Jump to content

gorgeous early 1920s touring car what is it?

md murray

Recommended Posts

Packard used two different sizes of Rudge Whitworth wire wheels in the period roughly around 1918 to 1924.   Rudge 80 were used on the small six cylinder model.  It seems just a few of the Twin Six were fitted with Rudge 100.  They were probably a special order item,  and the wheel maker was Buffalo for both. The wheels on the six do not appear to have worn well in general judged by the ones I have seen over the years, compared to those of the same size on Mercer or A model Duesenberg.  The latter have a better fit on the hubs, which likely is because Duesenberg would have made their own hubs.  From the beginning in 1921-2,  Duesenberg could not have used standard issue hubs,.   Rears were totally unlike those for any other car, because the hub and axle were machined from a single steel billet, with a hole bored through from end to end,  probably intended to reduce incidence of broken axles.   Mercer Rudge 80s were made under licence by Standard Roller Bearing.  Probably one of the wealthiest men in Melbourne was Sir MacPherson Robertson,  who bought a considerable number of Packards, possibly more than one at a time.  He was a large scale manufacturer of chocolate bars.  He had a large factory area, all painted white; and I believe the vast majority of his employees were women and girls, for whom exercise commendable care and respect.  He was also a large scale public benefactor, for instance , he had a public secondary school built for girls. MacRobertson Girls High School has been run by the Victorian State  education department , after costs and staffing were said to have been paid initially by Sir MacPherson Robertson himself.   He also paid for Sir John Monash, an architect and engineer, to build a new bridge over the Yarra River in Melbourne.  Monash was the general whose command towards the end of WW1 is generally credited for bringing an end to the slaughter.      I have considerable remains of one of Robertson's Twin Six Packards.  I understand it was stored in a building on one of the family's properties in the Dandenong Ranges.  The Denny family who purchased the remains of the Runabout with Rudge 100 wire wheels told me that a very large tree had fallen across the building and the Packard, and they only saved what was undamaged.  We bought the engine, gearbox, and instruments from the dash.  Years later I was able to buy other important parts from one of the Denny family.  I now have almost enough parts from other sources to construct a car similar to the original ; though the front section of the body , which has the distinctive features seen in that car,  is so rusted that I tell people it looks as though it has been attacked by rats with tungsten carbide teeth.    The engine I have has a 1922 casting date on the crankcase; and above the serial number stamped on the gearbox is the identification  "3-25".   This indicates a third series Twin Six with 125 inch wheelbase.      Decades ago I bought a front axle with Rudge 100 wheels from an old car wrecking yard in Melbourne.  It is from a 1924 Packard 8 with front brakes.   If you refer to page 236 of Ralph Stein's book  "The Great Cars" for his comments on driving Henry Austin Clark's Twin Six,   you will understand why those Packard front brakes will be part of my project.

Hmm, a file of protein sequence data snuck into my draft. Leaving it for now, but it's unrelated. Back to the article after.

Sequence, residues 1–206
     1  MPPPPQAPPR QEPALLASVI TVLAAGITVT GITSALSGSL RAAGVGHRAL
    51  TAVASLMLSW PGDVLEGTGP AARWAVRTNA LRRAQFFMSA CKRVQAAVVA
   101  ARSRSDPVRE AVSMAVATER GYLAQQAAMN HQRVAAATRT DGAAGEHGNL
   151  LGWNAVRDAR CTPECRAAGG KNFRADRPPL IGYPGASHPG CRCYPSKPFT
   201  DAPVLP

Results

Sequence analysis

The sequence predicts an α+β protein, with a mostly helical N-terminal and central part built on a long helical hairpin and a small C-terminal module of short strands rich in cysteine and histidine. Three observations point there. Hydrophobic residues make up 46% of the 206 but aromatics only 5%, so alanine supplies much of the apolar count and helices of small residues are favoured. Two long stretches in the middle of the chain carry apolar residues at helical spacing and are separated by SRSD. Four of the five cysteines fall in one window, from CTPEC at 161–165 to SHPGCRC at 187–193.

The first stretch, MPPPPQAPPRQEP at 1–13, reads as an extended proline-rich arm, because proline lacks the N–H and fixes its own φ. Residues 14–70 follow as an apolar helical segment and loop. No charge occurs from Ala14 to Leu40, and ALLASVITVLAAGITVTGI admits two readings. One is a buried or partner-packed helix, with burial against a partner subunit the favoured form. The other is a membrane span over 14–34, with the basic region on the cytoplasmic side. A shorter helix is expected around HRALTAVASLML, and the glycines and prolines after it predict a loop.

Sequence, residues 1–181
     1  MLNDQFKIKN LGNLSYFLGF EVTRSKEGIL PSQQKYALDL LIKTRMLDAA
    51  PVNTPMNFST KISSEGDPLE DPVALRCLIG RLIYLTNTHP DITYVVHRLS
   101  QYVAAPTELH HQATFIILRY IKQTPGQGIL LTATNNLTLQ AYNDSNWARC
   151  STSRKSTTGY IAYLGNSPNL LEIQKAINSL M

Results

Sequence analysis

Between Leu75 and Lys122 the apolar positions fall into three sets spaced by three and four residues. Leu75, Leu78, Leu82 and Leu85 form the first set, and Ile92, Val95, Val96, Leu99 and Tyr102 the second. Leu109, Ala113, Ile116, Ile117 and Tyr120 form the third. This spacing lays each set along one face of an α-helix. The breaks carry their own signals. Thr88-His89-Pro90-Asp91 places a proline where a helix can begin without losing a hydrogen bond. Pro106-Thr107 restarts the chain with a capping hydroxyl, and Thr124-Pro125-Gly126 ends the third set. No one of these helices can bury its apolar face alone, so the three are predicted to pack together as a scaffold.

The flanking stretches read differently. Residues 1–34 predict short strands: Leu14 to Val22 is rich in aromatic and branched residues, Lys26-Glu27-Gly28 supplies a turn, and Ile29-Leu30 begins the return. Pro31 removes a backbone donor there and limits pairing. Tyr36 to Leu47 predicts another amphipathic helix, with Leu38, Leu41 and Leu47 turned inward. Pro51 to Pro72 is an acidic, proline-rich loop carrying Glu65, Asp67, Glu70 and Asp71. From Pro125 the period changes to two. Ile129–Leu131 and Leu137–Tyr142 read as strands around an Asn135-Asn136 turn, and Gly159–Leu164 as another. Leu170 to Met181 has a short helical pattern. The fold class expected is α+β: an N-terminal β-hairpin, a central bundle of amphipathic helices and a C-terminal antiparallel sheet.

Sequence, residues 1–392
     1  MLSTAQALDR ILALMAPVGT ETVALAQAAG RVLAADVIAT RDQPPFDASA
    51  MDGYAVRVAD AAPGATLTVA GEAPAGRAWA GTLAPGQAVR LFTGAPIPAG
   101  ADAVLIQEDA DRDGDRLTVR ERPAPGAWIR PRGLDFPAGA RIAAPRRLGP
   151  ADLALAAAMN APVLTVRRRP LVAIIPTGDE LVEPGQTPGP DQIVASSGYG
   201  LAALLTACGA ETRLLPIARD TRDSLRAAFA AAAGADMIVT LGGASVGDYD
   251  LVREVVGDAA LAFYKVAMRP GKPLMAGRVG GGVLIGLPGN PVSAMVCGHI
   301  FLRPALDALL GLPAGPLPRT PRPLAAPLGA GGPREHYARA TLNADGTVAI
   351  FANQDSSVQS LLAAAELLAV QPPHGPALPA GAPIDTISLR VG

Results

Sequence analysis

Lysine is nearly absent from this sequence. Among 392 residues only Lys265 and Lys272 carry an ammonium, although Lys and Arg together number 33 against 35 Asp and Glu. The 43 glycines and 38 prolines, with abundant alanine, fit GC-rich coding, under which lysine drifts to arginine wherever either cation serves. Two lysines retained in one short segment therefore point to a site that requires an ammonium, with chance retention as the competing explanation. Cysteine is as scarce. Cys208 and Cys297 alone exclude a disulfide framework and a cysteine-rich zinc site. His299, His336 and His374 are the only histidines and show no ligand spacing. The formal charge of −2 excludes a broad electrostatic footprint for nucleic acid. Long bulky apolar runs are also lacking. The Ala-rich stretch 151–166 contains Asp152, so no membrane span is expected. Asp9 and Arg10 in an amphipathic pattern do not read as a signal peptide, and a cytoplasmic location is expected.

• Like 2
Link to comment
Share on other sites

The major parts of the Muriwai beach racer were retained and after several ownership changes were restored many years ago by Tom Cloudsley.


Sadly Tom is terminally ill but his car will remain with his family who intend to keep it is use.


It is a great car, and faster than his 1930 733.


This photo was taken before it had a few extra dress up items added.



Link to comment
Share on other sites

I wonder if the two cars in the first photo I posted are the two mentioned in this article - even though they were in different parts of the country.




It would seem that the local agent was trying quite hard to promote Packards - even though he was in a relatively small, and relatively remote, town.


He tried several makes - including Oldsmobile and Armstrong -Siddeley.


Unfortunately the bailiffs were in by June 1922.














Link to comment
Share on other sites

The initial photo is a late Packard Twin Six 1921-23 Model 3-35 factory-bodied seven passenger touring.  Note the polished nickel-plated radiator shell and drum headlights on forked stanchions which were becoming popular on higher-priced cars in the early 1920's.  The Rudge-Whitworth wire wheels also contribute to a look which gives the immediate impression this could be a Rolls-Royce. 

Link to comment
Share on other sites

5 hours ago, 58L-Y8 said:

The initial photo ...  Note the .. drum headlights on forked stanchions

thank you -Yes the forked stanchions are what threw me. Combined with that right front fender top which looks smooth and totally non-Packard but I guess its just the photo-looking more closely I can see the familiar Packard form in the rear fender.

Link to comment
Share on other sites

Ivan, I understand MacPherson Robertson had two twin-sixes. A roadster -- I think that's your one --, and a California Hardtop. There is also this tourer, so he may have had three. I read that sometime in the 20's he visited the Packard factory. Also, a newspaper photo of a line up of MacPherson Robertson's Packards.







Link to comment
Share on other sites

Create an account or sign in to comment

You need to be a member in order to leave a comment

Create an account

Sign up for a new account in our community. It's easy!

Register a new account

Sign in

Already have an account? Sign in here.

Sign In Now
  • Create New...